English or Urdu: What should Pakistan’s language be?

In July 2015, a Pakistani government minister announced by way of an interview with Time Magazine that Urdu was going to be made a co-official language of Pakistan alongside English. Till then, Urdu had only been a national language – meant to unify the country’s different ethnic groups ­– while English was the sole official language. Being an official language entitled English to a status unknown to other Pakistani languages; all official government communications and legal orders were written in English, a language foreign to the land and familiar to none except the wealthy few. In order to address this issue, the (now former) Minister of Planning, National Reforms, and Development, Ahsan Iqbal, announced that making Urdu a co-official language alongside English aimed to democratize information in Pakistan by making government communications accessible to Pakistanis who do not understand English.

Some are praising the decision as an attempt to preserve Urdu, and by extension, the Pakistani culture. But, an increasing number of Pakistanis are choosing to neglect Urdu and Pakistan’s regional languages in favor of English, due to English’s status as the global common language and as a signifier of socioeconomic prestige. With English’s rapid ascendance in Pakistan, some fear the country will lose its own identity in an effort to assimilate into the global economy. Many are also concerned that the government’s decision to make Urdu a co-official language alongside English will set Pakistan back economically. They fear that the last thing a country with economic problems such as Pakistan needs is a move away from internationalization.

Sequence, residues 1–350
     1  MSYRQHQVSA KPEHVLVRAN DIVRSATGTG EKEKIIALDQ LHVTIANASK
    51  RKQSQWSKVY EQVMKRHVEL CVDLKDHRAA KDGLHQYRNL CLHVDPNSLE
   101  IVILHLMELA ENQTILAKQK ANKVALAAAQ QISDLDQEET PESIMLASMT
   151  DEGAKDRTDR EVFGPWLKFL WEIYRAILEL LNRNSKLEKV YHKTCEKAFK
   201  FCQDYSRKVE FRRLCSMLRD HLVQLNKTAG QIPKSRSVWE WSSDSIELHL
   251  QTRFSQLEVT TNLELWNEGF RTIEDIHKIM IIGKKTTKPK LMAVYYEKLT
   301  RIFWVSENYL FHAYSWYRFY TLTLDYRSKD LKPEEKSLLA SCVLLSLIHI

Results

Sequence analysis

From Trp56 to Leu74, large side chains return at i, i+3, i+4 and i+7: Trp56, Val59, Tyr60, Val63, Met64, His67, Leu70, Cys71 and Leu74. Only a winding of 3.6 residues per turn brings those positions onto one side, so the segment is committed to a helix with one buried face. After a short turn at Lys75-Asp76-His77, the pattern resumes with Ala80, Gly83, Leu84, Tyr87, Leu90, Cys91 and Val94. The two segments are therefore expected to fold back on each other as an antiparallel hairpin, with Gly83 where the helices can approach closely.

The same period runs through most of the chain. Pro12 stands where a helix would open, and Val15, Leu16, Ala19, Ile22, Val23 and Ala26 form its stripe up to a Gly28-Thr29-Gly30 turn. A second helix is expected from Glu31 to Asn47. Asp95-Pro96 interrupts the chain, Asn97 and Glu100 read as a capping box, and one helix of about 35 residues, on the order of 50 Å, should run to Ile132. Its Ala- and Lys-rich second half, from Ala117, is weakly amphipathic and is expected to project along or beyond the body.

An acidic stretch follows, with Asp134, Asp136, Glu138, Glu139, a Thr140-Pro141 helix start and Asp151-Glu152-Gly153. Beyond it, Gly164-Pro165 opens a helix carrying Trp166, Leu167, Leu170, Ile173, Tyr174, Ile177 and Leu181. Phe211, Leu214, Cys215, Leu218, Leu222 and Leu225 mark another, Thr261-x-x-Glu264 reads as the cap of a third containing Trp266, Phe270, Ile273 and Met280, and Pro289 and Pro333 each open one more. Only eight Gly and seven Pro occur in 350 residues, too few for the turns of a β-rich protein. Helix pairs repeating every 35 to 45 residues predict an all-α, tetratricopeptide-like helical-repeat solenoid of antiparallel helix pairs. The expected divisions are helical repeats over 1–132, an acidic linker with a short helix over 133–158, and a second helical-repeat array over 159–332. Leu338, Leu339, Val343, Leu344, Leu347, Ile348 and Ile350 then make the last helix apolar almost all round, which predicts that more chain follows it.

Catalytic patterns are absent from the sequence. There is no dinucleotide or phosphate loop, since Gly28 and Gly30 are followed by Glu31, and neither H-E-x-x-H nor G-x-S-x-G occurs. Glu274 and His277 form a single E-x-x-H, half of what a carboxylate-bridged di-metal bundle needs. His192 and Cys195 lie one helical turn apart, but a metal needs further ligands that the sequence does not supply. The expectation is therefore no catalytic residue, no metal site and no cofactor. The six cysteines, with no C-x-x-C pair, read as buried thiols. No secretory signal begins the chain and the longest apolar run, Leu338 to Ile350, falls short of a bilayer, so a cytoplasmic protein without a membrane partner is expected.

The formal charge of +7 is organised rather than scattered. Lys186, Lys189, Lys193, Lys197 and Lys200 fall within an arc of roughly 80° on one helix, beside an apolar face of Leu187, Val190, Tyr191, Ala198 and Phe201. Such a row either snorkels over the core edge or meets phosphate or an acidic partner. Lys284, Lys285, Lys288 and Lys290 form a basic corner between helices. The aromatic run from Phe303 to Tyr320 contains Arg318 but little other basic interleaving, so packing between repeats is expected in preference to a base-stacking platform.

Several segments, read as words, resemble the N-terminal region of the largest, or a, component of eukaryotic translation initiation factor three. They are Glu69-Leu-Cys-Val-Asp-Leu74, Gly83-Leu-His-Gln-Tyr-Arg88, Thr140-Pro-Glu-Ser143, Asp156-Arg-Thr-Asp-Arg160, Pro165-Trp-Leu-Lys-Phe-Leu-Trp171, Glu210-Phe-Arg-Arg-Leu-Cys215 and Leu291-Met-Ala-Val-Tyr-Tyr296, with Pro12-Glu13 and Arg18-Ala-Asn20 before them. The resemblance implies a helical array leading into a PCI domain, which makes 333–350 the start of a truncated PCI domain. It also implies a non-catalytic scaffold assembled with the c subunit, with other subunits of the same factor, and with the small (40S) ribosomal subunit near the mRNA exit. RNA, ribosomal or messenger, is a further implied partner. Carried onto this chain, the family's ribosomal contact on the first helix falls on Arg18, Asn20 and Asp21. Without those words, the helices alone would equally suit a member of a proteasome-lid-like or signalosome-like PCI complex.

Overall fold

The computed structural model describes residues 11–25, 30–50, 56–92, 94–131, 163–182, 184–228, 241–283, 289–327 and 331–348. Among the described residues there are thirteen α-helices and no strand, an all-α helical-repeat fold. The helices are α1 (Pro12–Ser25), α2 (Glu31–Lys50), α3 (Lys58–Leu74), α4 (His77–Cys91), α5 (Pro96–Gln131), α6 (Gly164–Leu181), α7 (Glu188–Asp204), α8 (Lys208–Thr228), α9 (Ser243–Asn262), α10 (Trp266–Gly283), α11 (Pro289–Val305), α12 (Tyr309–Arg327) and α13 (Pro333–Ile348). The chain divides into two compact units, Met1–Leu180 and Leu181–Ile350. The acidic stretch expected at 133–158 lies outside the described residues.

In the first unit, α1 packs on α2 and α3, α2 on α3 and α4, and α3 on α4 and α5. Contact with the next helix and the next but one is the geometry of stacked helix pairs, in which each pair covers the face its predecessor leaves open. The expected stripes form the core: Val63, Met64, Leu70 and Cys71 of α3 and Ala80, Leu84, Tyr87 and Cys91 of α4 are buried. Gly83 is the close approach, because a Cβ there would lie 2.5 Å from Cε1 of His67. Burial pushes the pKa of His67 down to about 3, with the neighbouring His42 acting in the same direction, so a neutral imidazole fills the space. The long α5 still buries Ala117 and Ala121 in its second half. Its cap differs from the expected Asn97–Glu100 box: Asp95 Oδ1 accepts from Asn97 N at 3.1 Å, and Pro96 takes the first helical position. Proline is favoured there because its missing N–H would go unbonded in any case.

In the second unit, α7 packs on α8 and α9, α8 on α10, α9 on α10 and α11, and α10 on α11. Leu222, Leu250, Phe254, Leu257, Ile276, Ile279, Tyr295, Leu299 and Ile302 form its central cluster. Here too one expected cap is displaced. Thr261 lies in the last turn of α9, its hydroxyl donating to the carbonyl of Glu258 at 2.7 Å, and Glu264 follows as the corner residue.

The official language issue highlights an important question concerning many Pakistanis: should we wholeheartedly embrace globalization with the benefits it may confer, or should we hold on to aspects of our culture that make us unique? The debate also concerns class: should poorer Pakistanis without access to English resources make a greater effort to learn the language in order to increase their chances of social mobility, or should the educational and commercial system be made more equitable to all Pakistanis by reducing the burden on citizens who do not understand English?

Whether many would like to admit it or not, in a country like Pakistan, the economic value of knowing English is tremendous. Despite its foreign origins, English carries immense power in Pakistan. The history of English’s status in the country can be traced to the 1830s, when Britain – the dominant colonial power in the Indian Subcontinent – denounced the Indian culture and created many English-medium schools in response. Subsequently, English became a very important language in the Subcontinent, forcing Indians to recognize and adapt quickly to  its social, cultural, and economic prestige. If Indians wanted gainful employment, they would have to learn English.